Moonlight Kisses at Willow Tree Hall, Alison Sherlock
Genre: Women’s fiction, Romance
Gah, I hate Women’s Fiction as a genre heading, so outdated. Men and women can read the same books….its 2019, not 1919.
Anyway, after having read the first three books this one was like meeting old friends again, with new ones in Jack and Lily. Although all the stories are connected you don’t have to have read them, each are stand alone romances, but if you have read them it adds a bit extra to the stories, seeing how couples are doing some time on from when we left them.
So many things about this book resonated with me, I share Lily’s List addiction, I have lists for everything. I don’t have Lily’s control issues though, I understand why she does but it makes things hard for those around her and in the early days at the Hall it makes it hard for the family and for Lily. She means well but its simply not working out.
I loved how all the characters pulled together, how the villagers rallied round, how Hazy Memory and the wonderful Alex were included in this story, not family but almost family by adoption.
Rose – I want to be here when I’m older! I adore her. When she’s talking about her Tinder dates and her sex life and grandnephew Sam makes an abrupt turn for fear of hearing more….Arthur, still the benevolent patient Earl, who sees beyond the obvious, who’s at much at home in Bert’s shed as he is in the stately grounds of the Hall.
Jack and Lily, a couple who are perfect but have past issues to get over first. Their backstory affected how they were today, the needed to look at that, understand it, before moving on.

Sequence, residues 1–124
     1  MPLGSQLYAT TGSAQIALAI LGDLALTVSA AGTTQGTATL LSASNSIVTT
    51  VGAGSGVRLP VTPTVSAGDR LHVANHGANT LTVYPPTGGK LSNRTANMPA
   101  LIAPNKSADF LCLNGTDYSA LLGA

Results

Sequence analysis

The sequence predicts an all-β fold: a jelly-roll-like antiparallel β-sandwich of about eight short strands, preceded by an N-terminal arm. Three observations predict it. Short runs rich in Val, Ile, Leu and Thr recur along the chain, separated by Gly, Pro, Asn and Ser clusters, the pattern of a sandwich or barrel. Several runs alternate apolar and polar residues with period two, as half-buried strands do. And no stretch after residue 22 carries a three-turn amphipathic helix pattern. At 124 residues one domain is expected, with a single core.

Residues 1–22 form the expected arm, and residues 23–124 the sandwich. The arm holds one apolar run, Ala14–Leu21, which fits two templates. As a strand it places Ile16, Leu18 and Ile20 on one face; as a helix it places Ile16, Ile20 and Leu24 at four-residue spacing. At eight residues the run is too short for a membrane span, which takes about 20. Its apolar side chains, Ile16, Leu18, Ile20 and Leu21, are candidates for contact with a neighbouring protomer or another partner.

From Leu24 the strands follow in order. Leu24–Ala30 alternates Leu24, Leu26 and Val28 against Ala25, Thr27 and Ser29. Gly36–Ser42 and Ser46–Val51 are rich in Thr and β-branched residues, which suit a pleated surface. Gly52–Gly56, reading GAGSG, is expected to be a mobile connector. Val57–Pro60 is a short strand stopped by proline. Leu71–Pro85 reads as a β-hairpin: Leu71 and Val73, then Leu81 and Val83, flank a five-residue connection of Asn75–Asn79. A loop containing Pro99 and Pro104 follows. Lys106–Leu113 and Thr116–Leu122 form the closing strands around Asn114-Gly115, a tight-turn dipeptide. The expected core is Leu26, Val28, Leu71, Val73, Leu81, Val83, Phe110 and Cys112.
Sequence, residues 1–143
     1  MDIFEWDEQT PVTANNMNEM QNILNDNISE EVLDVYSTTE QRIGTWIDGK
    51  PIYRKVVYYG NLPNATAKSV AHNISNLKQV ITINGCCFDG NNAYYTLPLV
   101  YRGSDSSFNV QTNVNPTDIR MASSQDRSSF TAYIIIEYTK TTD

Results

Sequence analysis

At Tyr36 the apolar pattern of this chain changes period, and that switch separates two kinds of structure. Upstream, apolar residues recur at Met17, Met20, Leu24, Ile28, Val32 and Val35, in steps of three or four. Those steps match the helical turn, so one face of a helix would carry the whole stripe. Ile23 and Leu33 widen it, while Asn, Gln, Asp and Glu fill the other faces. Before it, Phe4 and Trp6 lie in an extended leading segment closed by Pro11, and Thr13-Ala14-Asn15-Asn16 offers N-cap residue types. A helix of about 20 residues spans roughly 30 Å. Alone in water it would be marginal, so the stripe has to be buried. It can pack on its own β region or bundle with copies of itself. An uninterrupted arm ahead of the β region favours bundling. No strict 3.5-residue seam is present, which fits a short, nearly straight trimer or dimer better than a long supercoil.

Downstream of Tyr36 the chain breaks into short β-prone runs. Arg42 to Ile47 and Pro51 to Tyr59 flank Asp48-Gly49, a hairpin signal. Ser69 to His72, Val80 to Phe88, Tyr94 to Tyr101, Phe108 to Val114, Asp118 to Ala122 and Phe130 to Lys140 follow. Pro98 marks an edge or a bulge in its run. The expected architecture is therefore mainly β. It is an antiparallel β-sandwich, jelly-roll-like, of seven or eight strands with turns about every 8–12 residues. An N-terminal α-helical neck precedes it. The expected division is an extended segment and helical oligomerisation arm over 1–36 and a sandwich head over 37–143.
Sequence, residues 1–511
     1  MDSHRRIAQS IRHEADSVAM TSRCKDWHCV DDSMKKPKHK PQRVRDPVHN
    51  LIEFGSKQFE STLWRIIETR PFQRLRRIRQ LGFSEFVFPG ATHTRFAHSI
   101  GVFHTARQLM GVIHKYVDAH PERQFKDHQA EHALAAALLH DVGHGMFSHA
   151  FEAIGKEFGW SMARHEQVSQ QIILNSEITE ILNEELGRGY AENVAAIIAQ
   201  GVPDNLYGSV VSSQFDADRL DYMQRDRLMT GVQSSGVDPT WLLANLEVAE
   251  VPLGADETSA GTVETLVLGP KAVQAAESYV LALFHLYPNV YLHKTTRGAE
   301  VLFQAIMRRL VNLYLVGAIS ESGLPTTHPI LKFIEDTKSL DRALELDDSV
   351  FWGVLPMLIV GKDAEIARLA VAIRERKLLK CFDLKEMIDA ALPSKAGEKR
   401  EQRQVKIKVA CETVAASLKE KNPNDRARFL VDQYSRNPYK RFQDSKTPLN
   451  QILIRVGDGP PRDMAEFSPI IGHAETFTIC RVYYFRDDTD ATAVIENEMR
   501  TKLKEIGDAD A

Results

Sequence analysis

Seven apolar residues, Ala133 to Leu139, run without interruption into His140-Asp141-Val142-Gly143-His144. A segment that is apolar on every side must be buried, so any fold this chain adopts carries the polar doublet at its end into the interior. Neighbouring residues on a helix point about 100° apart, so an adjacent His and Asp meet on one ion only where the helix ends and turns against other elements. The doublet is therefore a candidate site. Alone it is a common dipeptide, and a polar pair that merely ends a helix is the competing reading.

Its a lovely story, full of little side plots and issues, of everyone pulling together for a common cause, of mishaps and mayhem, of the struggle to make the Hall profitable, or at least self supporting, of such wonderful characters, I felt as if I knew them personally.
Its chic-lit at its best, an easy read, some gentle romance, and a story to just sit and relax with. Of course normal things like Health and Safety, Food legislation, insurance etc have to be forgotten…. There’s no way today’s Red Tape would let half the things happen that do in this book. No selling cakes without inspections of kitchens, certificates, data sheets on every ingredient and traceability of it. No running a fete or launch without endless risk and safety assessments, signs everywhere warning of xyz, insurance to cover every possible event. I’m in favour of H&S, it has saved lives but somehow I feel we’ve gone too far the other way and where events like this were common when I was a kid everything get stacked against them now. The traditional British country fair is getting certificated out of existence, and as we see here it can benefit so many folk. It was wonderful to read things that I recall actually happening. I need to mention the apples though, 20-30 per tree is a pretty poor harvest. We used to get around 12-1500 from my four apple trees…
Lily’s family are struggling, all of them in a tiny cottage, her, mum, dad and granddad, and her dad has just given up on life, after his amputation. I found that a bit sad, life isn’t necessarily like that, most folk pick up and forge a new life as he is beginning to at the end of the book, but it was annoying to read at first, everyone mollycoddling round him, not expecting more. If that happens to you or yours don’t be like Lily’s family, don’t just assume for them life is over. I’ve been there, it isn’t!
Overall its a lovely relaxing read, full of country air ( I’m a country girl at heart), terrific characters, some slightly manic times, its a book perfect for a holiday read, or to escape real life for a few hours.
Stars: Four. Great relaxing read. Meeting the family again was like coming home.
Arc via Netgalley and publishers